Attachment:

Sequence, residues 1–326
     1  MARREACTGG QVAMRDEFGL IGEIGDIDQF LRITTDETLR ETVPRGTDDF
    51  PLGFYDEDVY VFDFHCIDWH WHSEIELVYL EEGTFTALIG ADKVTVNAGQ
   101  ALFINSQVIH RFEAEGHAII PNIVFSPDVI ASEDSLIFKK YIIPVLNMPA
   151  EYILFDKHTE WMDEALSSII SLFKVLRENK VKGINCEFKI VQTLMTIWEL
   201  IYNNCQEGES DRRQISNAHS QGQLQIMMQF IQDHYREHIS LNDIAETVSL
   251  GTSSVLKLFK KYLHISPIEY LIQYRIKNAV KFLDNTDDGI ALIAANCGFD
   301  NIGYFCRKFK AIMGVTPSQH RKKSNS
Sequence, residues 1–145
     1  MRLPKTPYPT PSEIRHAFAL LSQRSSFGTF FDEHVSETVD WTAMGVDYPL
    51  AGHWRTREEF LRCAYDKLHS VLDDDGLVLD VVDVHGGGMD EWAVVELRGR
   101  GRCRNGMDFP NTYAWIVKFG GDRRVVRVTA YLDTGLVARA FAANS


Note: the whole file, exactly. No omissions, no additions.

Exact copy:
Sequence, residues 1–326
     1  MARREACTGG QVAMRDEFGL IGEIGDIDQF LRITTDETLR ETVPRGTDDF
    51  PLGFYDEDVY VFDFHCIDWH WHSEIELVYL EEGTFTALIG ADKVTVNAGQ
   101  ALFINSQVIH RFEAEGHAII PNIVFSPDVI ASEDSLIFKK YIIPVLNMPA
   151  EYILFDKHTE WMDEALSSII SLFKVLRENK VKGINCEFKI VQTLMTIWEL
   201  IYNNCQEGES DRRQISNAHS QGQLQIMMQF IQDHYREHIS LNDIAETVSL
   251  GTSSVLKLFK KYLHISPIEY LIQYRIKNAV KFLDNTDDGI ALIAANCGFD
   301  NIGYFCRKFK AIMGVTPSQH RKKSNS
Sequence, residues 1–145
     1  MRLPKTPYPT PSEIRHAFAL LSQRSSFGTF FDEHVSETVD WTAMGVDYPL
    51  AGHWRTREEF LRCAYDKLHS VLDDDGLVLD VVDVHGGGMD EWAVVELRGR
   101  GRCRNGMDFP NTYAWIVKFG GDRRVVRVTA YLDTGLVARA FAANS